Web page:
News & Press
Green Incentives on the Rise
Multi Family Executive
Developers tap into federal and local funding to green new and existing housing stock
July 28, 2009
Trying to green a property but can't find the money to make the budget pencil out? You might just be in luck. An increasing number of both federal and local incentives are coming down the pipeline to support energy efficiency and renewable energy projects.
Nearly every week, money is released to states throughout the country through the American Recovery and Reinvestment Act. Most recently, the U.S. Department of Energy (DOE) announced more than $141 million in Recovery Act funding for six states and territories: Hawaii, Maine, Nebraska, New Mexico, the Northern Mariana Islands, and Texas. Under DOE's State Energy Program, eligible activities include energy audits, building retrofits, education and training efforts, transportation efforts to increase the use of alternative fuels and hybrid vehicles, and new financing mechanisms to promote energy efficiency and renewable energy investments.
Additionally, developers also can tap into a number of other green funding sources through the stimulus act, including $3.2 billion of energy conservation blocks grants and the $1 billion community development block grant program.
There's more: Starting this month, the U.S. Treasury Department is now accepting grant applications for investments by businesses in alternative energy-generating assets. The grants can be taken in lieu of federal income tax credits that would otherwise be available for properties placed in service in 2009 and 2010. The grants are available for the Section 45 production tax credit or Section 48 energy tax credit and are worth up to 30 percent of the qualifying investments.
"This is big," says Richard Raeke, director of project financing at San Diego-based manufacturer Borrego Solar Systems. "We have been waiting since February to see what this program is going to look like and how difficult the application is going to be. Owners and developers can begin submitting applications August 1 and then get a check 60 days later from the Treasury for 30 percent of the cost of the system."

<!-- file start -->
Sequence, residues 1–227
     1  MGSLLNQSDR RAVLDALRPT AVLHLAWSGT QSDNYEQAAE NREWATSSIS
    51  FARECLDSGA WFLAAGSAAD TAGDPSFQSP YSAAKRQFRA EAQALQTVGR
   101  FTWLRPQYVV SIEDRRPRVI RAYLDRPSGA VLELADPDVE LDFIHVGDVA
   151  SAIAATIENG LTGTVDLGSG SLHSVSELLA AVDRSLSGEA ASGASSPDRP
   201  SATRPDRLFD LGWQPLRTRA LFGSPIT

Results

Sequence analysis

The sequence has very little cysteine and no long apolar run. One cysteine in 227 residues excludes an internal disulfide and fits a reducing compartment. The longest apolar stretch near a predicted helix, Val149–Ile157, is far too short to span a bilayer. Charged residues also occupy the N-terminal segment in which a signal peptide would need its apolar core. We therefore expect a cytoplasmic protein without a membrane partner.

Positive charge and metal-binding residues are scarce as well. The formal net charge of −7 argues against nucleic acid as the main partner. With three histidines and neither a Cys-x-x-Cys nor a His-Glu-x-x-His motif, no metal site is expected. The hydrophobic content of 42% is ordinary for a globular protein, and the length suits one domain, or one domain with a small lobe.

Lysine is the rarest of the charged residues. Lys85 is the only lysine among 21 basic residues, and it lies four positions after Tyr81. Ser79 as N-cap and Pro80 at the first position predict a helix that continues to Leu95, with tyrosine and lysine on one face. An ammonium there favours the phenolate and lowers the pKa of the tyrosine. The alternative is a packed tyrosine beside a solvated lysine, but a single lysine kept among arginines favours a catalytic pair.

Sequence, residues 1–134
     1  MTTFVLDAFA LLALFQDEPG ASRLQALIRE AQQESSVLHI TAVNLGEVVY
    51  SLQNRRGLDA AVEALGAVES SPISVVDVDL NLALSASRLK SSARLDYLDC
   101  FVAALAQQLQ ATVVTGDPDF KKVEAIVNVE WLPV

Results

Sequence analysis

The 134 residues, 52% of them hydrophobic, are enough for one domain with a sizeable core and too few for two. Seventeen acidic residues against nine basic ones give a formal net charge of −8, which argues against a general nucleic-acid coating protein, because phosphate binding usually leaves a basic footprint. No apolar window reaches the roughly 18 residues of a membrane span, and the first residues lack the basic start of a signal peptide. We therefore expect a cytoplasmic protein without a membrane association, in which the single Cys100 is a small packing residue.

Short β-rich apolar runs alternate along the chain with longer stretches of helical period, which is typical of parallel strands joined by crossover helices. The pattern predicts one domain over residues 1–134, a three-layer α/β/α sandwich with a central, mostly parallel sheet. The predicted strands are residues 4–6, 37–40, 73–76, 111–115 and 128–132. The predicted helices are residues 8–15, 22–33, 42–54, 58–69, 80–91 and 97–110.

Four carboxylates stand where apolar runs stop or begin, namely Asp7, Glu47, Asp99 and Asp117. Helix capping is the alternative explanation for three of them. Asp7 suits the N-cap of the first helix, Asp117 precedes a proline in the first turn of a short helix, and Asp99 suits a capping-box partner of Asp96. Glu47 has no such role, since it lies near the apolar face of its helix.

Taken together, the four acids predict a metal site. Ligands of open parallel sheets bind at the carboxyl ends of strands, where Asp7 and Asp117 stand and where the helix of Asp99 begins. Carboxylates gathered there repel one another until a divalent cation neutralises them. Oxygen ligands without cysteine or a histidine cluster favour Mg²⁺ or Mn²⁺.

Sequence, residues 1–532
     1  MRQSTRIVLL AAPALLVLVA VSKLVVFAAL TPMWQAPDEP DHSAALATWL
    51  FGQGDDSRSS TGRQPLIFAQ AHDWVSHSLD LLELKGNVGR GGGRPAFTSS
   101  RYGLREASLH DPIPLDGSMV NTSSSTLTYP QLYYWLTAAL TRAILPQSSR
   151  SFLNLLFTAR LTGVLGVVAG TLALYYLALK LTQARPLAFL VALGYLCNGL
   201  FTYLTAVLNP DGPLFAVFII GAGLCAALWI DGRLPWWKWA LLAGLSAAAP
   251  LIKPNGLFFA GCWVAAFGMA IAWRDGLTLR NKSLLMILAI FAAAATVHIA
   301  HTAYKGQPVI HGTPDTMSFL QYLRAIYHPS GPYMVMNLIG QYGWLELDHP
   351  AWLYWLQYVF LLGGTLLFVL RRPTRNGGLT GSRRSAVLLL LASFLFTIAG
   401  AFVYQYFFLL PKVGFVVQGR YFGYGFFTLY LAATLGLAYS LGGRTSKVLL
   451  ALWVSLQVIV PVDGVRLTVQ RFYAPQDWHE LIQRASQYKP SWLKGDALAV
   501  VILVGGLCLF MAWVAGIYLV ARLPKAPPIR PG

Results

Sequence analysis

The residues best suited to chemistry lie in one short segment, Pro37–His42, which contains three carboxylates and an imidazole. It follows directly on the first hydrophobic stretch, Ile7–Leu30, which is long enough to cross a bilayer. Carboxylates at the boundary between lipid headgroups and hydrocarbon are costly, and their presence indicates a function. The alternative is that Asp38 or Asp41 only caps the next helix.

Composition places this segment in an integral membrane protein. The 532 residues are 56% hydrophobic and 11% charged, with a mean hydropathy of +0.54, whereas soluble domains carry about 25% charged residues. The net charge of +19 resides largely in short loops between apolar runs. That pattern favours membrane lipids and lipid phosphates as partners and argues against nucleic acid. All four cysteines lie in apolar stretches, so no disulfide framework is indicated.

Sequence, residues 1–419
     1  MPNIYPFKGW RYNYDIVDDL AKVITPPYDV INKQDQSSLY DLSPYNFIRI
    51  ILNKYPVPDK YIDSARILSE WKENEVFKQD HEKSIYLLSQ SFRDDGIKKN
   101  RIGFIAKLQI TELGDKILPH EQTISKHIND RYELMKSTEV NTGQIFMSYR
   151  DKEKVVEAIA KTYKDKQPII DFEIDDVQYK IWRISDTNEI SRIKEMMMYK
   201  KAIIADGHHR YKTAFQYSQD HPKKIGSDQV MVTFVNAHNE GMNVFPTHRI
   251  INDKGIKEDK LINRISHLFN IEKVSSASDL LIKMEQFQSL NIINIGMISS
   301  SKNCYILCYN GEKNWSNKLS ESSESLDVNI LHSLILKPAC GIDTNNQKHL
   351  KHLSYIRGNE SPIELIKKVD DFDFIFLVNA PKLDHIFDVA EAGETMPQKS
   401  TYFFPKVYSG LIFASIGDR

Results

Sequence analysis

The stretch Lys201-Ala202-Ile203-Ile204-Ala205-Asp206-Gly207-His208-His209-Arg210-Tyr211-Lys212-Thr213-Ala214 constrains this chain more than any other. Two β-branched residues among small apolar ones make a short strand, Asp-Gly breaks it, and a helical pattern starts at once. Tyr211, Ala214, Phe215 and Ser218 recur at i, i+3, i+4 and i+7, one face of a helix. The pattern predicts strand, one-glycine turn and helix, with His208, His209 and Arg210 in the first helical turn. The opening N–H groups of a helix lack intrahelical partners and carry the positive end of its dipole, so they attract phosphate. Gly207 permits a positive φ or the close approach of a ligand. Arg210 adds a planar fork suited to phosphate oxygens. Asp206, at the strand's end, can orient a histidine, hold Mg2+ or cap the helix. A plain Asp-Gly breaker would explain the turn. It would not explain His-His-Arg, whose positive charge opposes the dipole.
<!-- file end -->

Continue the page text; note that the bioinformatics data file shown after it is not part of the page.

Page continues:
Boston-based WinnDevelopment, for one, plans to take advantage of the green grants. The firm, one of the largest affordable housing developers and managers in the country with a 70,000-unit portfolio, hopes to use the funding for additional solar initiatives. "We have been very interested in doing another solar project, but one of the reasons we haven't started it yet is because the tax credit market has fallen apart," says Heather Clark, Winn's director of green building. "I think [the Treasury grant] is going to be a big benefit because you don't have to have a third-party syndicator."
Clearly, funding opportunities are out there. The challenge is staying in the know. "The multifamily developers we are in contact with are really staying on top of all of these different pockets of money and staying in touch with local officials to see if they might get a share of community development block grants or energy efficiency and conservation block grants," Raeke says. "There is a lot of money coming down, and, as you can imagine, it's pretty hard to keep track of all the programs." (One good source Raeke recommends checking out: dsireusa.org, which offers a database of state incentives for renewables and efficiency.)
If you do your homework and tap into the right sources, it's possible, for instance, to install solar systems on multifamily buildings for no cost. EAH Housing, a San Rafael, Calif.-based nonprofit developer and manager with nearly 80 properties in California and Hawaii, figured out how to use new construction rebates coupled with traditional tax credit financing to pay for photovoltaic systems at all of the common areas on its new construction projects.
Retrofitting its housing stock, however, has proved more challenging. "EAH spent a lot of time trying to do this a couple of years ago and just couldn't get it done," says Andy Blauvelt, a project manager at EAH. That was until California introduced the Multifamily Affordable Housing Program, better known as MASH, this past spring to encourage the greening of existing affordable product. The program offers a rebate of $3.30 a watt for the common load (central lighting, AC, HVAC) and $4.00 a watt to offset any tenant load. "MASH, together with the extension of the federal solar tax credits gets, gets you most of the way there toward building your system; three-fourths of your system is paid for from those two programs," Blauvelt adds.
To finance that gap, EAH taps into a growing trend: A model in which a third-party group agrees to buy the system for the property and then sells the power at a reduced rate to the nonprofit. "As a nonprofit, we have to partner with someone who pays taxes to use that federal tax credit," Blauvelt says.
EAH aims to add solar to as many of its existing properties as it can by the end of the year. But Blauvelt admits that despite the incentives, the journey isn't easy for a nonprofit developer. "There are a lot more green incentives out there [today], but most of it is bewildering, and, honestly, it may not be worth the effort, he says. "It's very hard developing affordable housing and new money is great and critical, but it doesn't always make sense to try to spend the time to jump through all the hoops for the funding."
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